Perfecting digital imaging

first_imgComputer graphics and digital video lag behind reality; despite advances, the best software and video cameras cannot seem to get computer-generated images and digital film to look exactly the way our eyes expect them to.But Hanspeter Pfister and Todd Zickler, computer science faculty at the Harvard School of Engineering and Applied Sciences (SEAS), are working to narrow the gap between “virtual” and “real” by asking the question: How do we see what we see?Between them, Pfister and Zickler are presenting three papers this week at SIGGRAPH 2013 (the acronym stands for for Special Interest Group on GRAPHics and Interactive Techniques), the 40th International Conference and Exhibition on Computer Graphics and Interactive Techniques.Realistic soapOne project led by Zickler, the William and Ami Kuan Danoff Professor of Electrical Engineering and Computer Science, tried to find better ways to mimic the appearance of a translucent object, such as a bar of soap. The paper elucidates how humans perceive and recognize real objects and how software can exploit the details of that process to make the most realistic computer-rendered images possible.“If I put a block of butter and a block of cheese in front of you, and they’re the same color, and you’re looking for something to put on your bread, you know which is which,” says Zickler. “The question is, how do you know that? What in the image is telling you something about the material?”His hope is to eventually understand these properties well enough to instruct a computer with a camera to identify the material an object is made of and how it should be handled — how much it weighs or how much pressure can be safely applied to it — the way humans do.Zickler’s co-authors were Ioannis Gkioulekas, a graduate student at SEAS; Bei Xiao and Edward H. Adelson of the Massachusetts Institute of Technology; and Shuang Zhao and Kavita Bala of Cornell University.For a full description of the three papers, visit the SEAS website. The Association for Computing Machinery SIGGRAPH conference continues through Friday in Anaheim, Calif. The three papers will be published in ACM Transactions on Graphics.last_img read more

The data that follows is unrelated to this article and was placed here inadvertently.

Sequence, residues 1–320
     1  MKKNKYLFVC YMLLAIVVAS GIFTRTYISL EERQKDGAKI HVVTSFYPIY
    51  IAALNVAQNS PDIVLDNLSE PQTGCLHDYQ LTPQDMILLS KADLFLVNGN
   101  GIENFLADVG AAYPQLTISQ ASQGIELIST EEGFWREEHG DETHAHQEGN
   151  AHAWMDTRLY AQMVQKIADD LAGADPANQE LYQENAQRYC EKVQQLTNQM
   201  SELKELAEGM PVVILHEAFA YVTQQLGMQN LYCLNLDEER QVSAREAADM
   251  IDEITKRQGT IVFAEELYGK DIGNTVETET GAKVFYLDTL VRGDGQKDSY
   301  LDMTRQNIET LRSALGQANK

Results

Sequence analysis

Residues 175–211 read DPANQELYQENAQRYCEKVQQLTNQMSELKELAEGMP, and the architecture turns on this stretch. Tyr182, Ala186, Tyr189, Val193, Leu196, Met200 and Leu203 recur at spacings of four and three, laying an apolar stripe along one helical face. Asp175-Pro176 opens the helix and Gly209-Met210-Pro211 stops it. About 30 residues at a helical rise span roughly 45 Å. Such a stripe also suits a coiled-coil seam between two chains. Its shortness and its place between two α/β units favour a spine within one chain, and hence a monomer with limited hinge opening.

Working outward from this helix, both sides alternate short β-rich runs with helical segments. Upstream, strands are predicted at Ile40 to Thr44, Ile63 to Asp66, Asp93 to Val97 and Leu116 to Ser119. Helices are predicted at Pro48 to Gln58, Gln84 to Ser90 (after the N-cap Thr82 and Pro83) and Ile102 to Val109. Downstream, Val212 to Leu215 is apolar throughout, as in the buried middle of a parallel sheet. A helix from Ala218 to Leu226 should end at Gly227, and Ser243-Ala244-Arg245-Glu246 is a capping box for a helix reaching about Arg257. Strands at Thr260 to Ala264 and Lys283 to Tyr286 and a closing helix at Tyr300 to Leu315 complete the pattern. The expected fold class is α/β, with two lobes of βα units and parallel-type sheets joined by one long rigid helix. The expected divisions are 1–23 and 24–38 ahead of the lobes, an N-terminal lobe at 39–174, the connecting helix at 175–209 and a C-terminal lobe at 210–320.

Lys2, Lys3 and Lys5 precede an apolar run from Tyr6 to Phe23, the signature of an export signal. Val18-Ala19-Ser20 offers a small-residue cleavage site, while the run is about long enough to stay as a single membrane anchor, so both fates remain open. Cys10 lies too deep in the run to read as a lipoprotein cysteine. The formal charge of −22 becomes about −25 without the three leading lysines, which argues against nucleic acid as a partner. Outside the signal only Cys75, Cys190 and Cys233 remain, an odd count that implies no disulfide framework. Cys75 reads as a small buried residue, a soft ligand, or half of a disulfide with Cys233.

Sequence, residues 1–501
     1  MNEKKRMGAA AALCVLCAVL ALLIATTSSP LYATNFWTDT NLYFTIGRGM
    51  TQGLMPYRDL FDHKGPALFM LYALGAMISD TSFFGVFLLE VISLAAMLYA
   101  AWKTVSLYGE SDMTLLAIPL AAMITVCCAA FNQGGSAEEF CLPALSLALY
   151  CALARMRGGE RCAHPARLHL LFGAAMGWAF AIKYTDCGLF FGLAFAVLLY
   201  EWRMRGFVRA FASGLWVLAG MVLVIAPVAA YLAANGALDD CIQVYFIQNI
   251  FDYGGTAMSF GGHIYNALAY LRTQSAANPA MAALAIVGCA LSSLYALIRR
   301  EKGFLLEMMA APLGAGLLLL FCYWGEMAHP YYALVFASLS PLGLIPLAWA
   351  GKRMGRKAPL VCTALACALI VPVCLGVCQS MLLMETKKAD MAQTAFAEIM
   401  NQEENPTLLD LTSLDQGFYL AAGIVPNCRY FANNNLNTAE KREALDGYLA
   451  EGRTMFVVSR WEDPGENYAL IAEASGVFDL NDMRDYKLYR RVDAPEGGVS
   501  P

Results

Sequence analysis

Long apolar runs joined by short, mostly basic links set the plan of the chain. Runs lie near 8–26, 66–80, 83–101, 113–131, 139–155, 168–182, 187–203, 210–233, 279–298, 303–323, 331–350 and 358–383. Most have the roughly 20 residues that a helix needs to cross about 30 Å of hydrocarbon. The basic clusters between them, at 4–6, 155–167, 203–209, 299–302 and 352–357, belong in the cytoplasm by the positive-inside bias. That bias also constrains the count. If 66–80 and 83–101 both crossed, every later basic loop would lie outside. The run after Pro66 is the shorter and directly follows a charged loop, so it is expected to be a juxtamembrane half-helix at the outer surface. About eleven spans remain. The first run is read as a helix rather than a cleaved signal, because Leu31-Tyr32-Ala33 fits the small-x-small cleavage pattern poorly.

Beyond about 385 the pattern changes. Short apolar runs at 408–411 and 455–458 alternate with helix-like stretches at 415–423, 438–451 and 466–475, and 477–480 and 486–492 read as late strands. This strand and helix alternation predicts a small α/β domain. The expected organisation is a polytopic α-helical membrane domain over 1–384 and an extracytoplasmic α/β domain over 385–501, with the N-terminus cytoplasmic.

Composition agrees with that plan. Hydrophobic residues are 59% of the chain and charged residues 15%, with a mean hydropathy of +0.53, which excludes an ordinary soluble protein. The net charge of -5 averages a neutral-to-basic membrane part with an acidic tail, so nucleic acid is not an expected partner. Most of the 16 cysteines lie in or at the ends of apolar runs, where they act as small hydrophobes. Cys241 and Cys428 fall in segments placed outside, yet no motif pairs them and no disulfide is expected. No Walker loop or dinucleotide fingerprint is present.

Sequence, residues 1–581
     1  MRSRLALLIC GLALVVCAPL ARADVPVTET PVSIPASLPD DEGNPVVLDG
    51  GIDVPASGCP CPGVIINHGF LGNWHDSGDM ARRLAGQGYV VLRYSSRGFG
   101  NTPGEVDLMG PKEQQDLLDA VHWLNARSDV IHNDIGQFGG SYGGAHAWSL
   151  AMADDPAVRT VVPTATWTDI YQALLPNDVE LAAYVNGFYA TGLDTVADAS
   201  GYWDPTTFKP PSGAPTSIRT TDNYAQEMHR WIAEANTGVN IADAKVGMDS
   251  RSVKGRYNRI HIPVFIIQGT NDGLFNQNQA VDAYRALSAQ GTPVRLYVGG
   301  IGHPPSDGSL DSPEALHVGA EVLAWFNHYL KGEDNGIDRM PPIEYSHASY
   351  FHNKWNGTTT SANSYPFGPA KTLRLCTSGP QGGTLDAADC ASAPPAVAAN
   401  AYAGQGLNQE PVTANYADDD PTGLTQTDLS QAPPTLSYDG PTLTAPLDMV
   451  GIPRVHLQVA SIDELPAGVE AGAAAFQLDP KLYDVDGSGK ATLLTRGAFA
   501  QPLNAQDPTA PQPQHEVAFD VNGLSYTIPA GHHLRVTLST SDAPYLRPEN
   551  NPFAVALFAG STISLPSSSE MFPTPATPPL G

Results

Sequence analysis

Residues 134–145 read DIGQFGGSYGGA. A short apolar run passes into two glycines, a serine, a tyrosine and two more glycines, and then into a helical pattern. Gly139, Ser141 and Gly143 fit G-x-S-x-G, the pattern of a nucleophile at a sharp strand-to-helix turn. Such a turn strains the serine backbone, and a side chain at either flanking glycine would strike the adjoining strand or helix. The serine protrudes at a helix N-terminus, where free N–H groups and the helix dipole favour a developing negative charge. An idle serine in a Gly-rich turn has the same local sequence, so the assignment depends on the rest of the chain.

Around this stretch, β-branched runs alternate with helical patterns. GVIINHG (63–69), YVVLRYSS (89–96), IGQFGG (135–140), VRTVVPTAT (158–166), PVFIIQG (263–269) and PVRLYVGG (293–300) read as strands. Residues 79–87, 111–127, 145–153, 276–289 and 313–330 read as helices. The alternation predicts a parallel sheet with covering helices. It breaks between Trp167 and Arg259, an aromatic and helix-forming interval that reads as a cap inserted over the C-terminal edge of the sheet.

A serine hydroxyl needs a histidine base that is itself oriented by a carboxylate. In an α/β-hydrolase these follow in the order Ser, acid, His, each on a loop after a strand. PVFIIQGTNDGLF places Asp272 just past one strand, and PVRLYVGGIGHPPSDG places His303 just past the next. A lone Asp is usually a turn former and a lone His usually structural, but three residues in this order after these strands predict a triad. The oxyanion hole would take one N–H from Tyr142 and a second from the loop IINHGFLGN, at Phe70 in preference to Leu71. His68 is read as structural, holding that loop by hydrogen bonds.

Borough of Carlisle Urges the Legislature to Support Gov. Wolf’s Aggressive Infrastructure Plan, Restore Pennsylvania

first_imgBorough of Carlisle Urges the Legislature to Support Gov. Wolf’s Aggressive Infrastructure Plan, Restore Pennsylvania Press Release,  Restore Pennsylvania Harrisburg, PA – The Borough of Carlisle is the latest Pennsylvania municipality to pass a resolution formally calling for the state legislature to support Restore Pennsylvania, Governor Wolf’s aggressive infrastructure investment plan.“My colleagues and I understand the impediments that municipalities, like Carlisle, often face to provide needed services, which address quality of life issues effectively and efficiently with limited available revenue sources,” said Carlisle Mayor Tim Scott. “The Restore Pennsylvania initiative and its sensible funding mechanism are means to meet the ever-growing needs of Pennsylvania communities, large and small alike.”Restore Pennsylvania will inject $4.5 billion over the next four years in significant, high-impact projects selected by local officials who are best situated to determine need. In the Borough of Carlisle, potential projects include flood prevention and recovery, blight remediation, brownfield redevelopment, green space creation, and broadband access expansion.“As with many of Pennsylvania’s historic communities, Carlisle is coping with changes in industry and population shifts. Restore Pennsylvania could provide the support the borough is looking for to modify infrastructure to meet today’s needs,” said Gov. Wolf. “It’s time for us to reinvest in our communities to make them competitive in the modern economy.”Borough officials made note of the support Restore Pennsylvania could provide to the Carlisle Urban Redevelopment Plan, a comprehensive strategy to redevelop industrial sites and reactivate neighborhoods. Restore Pennsylvania could provide assistance to areas outlined in the plan, including developing green infrastructure like public parks and bicycle routes, minimizing stream runoff to prevent flooding, and removing contaminants at brownfield sites.Restore Pennsylvania is a statewide plan to aggressively address the commonwealth’s vital infrastructure needs. Funded through a commonsense severance tax that the Independent Fiscal Office has determined will be primarily paid for by out-of-state residents, Restore Pennsylvania is the only plan that will help make Pennsylvania a leader in the 21st century.View the full Restore Pennsylvania plan. April 19, 2019center_img SHARE Email Facebook Twitterlast_img read more

Tipp Minors in Munster action tonight

first_imgThe Premier County’s Minor football team take on rivals Clare on Wednesday evening in this year’s Munster Championship semi-final.After back to back Munster titles at this grade in 2011 and 2012, the Premier County will be looking to get back to winning ways at provincial level.Tipp will welcome the Banner to Semple Stadium with a place in this year’s final on offer…against the winners of Kerry and Cork.  McGeever says tonight’s game is even bigger because it’s knock-out.The match throws in at 7.30pm in Semple Stadium.last_img